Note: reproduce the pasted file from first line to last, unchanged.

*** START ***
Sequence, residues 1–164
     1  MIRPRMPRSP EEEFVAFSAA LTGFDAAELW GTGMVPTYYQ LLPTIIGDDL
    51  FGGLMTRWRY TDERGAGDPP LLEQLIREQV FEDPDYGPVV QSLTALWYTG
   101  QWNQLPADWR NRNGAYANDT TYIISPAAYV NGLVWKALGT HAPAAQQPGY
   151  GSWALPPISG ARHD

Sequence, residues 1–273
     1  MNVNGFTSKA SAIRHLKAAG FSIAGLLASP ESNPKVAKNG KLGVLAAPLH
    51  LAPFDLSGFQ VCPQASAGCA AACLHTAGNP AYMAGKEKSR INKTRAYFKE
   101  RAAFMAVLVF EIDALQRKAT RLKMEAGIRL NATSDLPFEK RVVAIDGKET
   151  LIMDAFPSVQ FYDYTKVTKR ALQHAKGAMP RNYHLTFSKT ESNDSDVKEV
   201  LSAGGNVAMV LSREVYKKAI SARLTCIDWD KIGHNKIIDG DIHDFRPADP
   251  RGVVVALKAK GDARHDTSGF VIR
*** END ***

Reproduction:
Sequence, residues 1–164
     1  MIRPRMPRSP EEEFVAFSAA LTGFDAAELW GTGMVPTYYQ LLPTIIGDDL
    51  FGGLMTRWRY TDERGAGDPP LLEQLIREQV FEDPDYGPVV QSLTALWYTG
   101  QWNQLPADWR NRNGAYANDT TYIISPAAYV NGLVWKALGT HAPAAQQPGY
   151  GSWALPPISG ARHD

Sequence, residues 1–273
     1  MNVNGFTSKA SAIRHLKAAG FSIAGLLASP ESNPKVAKNG KLGVLAAPLH
    51  LAPFDLSGFQ VCPQASAGCA AACLHTAGNP AYMAGKEKSR INKTRAYFKE
   101  RAAFMAVLVF EIDALQRKAT RLKMEAGIRL NATSDLPFEK RVVAIDGKET
   151  LIMDAFPSVQ FYDYTKVTKR ALQHAKGAMP RNYHLTFSKT ESNDSDVKEV
   201  LSAGGNVAMV LSREVYKKAI SARLTCIDWD KIGHNKIIDG DIHDFRPADP
   251  RGVVVALKAK GDARHDTSGF VIR